Researchers at the University of Minnesota have embarked on a study including 1,500 people to probe the drug’s effectiveness further in preventing the development of COVID-19 after people are exposed to SARS-CoV-2. The results could be available in a matter of weeks, Jakub Tolar, the dean of the University of Minnesota Medical School and vice president for clinical affairs, tells Reuters, and might indicate whether it’s worth launching a larger trial.

A small trial of 1,500 people would be a pragmatic step towards verifying the drug’s efficacy, says Jeremy Rossman, a virologist at the University of Kent, who praises the approach.

A number of other chloroquine experiments on humans are in the works. According to clinicaltrials.gov, researchers at the University of Oxford plan to give it as a prophylactic to 10,000 health care workers and others at high risk of contracting SARS-CoV-2. In Norway, doctors expect to begin administering the drug to hospitalized patients. And in Thailand, clinicians are preparing for a clinical trial comparing various combinations of antivirals, including chloroquine.

If chloroquine is shown to be effective against SARS-CoV-2, it will not be via the same mechanism by which the drug functions as an antimalarial. That’s because malaria is caused not by a virus but by a microparasite of the Plasmodium genus. Chloroquine makes it toxic for the parasite to digest its host’s hemoglobin.

Chloroquine might have entirely different effects against a virus, such as, for example, disrupting the virus’s ability to enter a cell.

Nabil Seidah, a molecular biologist at the Montreal Clinical Research Institute (IRCM), and colleagues examined chloroquine’s effect on SARS-CoV back in 2005. Seidah is currently experimenting with drugs including chloroquine as potential SARS-CoV-2 treatments and using material sent to him by pharmaceutical firms.

His 2005 study reported “strong antiviral effects” in animal cells in vitro. Seidah tells The Scientist that the mechanism by which chloroquine disrupts infection by a coronavirus remains unclear.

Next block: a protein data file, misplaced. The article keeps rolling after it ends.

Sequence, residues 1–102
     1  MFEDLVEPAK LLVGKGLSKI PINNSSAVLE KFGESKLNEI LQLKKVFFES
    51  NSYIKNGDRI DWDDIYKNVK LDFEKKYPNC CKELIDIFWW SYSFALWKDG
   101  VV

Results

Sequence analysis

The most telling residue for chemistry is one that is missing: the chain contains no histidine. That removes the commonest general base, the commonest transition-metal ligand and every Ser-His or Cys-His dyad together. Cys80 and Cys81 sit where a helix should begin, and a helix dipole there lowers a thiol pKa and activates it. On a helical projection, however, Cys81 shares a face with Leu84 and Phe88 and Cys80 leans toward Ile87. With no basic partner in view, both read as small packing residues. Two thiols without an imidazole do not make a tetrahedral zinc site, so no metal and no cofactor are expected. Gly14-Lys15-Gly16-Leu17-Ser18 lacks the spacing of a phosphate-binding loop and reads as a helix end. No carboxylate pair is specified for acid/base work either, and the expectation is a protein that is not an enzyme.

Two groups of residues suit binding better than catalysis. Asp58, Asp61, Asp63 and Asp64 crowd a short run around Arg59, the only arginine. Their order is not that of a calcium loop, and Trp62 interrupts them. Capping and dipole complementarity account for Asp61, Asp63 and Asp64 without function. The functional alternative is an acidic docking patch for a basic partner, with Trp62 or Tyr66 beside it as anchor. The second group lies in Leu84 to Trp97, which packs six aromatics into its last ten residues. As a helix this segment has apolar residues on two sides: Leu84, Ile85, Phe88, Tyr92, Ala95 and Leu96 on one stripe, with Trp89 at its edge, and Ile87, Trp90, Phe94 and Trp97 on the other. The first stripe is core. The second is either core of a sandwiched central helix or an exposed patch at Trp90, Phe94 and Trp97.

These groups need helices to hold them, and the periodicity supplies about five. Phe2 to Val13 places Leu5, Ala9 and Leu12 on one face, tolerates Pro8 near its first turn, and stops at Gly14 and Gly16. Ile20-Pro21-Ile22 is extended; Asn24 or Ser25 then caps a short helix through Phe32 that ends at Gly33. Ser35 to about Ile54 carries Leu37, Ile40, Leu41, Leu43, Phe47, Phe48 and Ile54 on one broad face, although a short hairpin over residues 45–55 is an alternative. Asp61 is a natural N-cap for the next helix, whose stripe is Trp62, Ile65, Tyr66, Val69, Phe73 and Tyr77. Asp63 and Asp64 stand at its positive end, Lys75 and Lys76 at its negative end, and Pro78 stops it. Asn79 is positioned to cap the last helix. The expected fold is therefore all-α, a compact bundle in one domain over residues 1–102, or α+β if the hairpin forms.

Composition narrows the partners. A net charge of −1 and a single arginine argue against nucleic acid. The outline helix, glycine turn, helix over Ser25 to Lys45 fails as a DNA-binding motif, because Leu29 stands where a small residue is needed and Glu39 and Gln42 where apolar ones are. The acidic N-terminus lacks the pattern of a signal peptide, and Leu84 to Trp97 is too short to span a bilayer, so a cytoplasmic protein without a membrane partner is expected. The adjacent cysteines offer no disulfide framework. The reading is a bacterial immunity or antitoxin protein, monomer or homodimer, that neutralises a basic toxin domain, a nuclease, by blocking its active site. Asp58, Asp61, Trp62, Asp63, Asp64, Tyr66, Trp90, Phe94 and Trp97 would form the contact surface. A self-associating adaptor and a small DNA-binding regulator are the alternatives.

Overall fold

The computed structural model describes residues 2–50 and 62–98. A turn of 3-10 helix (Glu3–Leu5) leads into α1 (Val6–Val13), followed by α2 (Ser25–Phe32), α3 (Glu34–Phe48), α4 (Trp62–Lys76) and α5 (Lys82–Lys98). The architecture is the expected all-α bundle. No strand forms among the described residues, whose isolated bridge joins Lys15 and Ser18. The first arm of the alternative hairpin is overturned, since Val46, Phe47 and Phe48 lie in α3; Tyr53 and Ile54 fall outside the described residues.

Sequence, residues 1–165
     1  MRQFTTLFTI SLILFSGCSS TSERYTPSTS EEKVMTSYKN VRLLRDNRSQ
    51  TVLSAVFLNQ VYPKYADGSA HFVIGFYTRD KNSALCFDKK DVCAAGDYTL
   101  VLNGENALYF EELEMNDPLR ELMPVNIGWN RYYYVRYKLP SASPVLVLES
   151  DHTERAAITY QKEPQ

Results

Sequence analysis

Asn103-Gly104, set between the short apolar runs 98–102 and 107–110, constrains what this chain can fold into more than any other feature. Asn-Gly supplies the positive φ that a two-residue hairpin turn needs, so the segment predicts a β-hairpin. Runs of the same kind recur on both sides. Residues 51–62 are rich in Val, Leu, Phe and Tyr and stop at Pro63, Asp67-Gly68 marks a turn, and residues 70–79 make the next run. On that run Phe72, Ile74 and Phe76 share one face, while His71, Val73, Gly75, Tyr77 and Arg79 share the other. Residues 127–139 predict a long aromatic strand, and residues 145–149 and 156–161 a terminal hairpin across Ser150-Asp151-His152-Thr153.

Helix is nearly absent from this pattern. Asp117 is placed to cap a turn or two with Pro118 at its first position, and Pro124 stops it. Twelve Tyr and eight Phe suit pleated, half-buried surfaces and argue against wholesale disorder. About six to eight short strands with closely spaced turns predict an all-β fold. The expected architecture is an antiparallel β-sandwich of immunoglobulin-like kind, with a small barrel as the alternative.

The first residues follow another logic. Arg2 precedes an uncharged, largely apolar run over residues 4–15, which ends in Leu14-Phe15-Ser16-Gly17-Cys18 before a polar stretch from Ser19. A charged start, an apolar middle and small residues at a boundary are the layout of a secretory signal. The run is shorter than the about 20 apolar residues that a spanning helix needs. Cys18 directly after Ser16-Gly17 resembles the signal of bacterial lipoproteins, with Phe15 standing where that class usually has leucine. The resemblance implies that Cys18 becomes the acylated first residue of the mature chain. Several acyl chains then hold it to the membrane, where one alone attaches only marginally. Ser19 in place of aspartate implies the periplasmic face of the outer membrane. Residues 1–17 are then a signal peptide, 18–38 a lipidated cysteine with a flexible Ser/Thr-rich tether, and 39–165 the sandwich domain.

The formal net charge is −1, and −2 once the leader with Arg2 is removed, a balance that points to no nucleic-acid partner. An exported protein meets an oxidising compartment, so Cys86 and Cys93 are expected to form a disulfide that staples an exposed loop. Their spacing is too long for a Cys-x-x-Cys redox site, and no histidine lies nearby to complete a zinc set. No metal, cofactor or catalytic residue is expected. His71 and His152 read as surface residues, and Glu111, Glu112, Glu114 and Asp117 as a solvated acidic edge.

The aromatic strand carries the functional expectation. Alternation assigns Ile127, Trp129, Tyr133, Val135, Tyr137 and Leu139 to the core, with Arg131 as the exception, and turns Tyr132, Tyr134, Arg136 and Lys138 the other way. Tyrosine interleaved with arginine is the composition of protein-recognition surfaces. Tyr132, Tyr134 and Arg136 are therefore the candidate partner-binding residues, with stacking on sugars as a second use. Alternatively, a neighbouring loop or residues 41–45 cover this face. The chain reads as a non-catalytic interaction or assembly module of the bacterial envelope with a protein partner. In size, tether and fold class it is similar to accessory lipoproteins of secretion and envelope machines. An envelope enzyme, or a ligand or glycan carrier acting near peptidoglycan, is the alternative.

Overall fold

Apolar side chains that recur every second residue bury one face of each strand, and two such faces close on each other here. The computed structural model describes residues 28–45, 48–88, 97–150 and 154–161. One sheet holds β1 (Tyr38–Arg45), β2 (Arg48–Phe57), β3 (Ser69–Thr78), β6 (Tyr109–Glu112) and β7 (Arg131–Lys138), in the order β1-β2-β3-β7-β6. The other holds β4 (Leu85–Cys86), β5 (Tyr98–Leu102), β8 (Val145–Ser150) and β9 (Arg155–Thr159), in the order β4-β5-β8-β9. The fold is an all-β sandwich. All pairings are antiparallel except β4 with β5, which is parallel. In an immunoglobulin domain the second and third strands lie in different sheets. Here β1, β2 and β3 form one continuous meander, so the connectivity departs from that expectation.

Chloroquine can raise the pH of endosomes, vesicles inside cells that are hijacked as points of entry by viruses. Endosomes have a slightly acidic pH, which helps facilitate this process. Seidah explains that chloroquine can raise endosomic pH slightly, which prevents fusion and stops the virus from entering the cell. Seidah says chloroquine may also block enzymes involved in the fusion between the virus and lung cells or stymie the viral replication process.

Whatever the mechanism, Seidah says, it’s likely a combination of drugs of some kind that will, ultimately, be needed to treat COVID-19.

“Chloroquine alone will not solve the problem,” he says.

The drug is potentially dangerous when used at high doses or for prolonged periods. It can cause permanent blindness and even death. Rossman and Seidah agree that larger clinical trials are a must before chloroquine is considered safe and effective as a treatment for COVID-19.

There’s no question the need for effective treatments is urgent. Cases of Covid-19 are exploding, with more than 10,000 in New York State alone. Actual numbers may be far higher. Reports say that New York hospitals are full with patients on ventilators who need treatment now.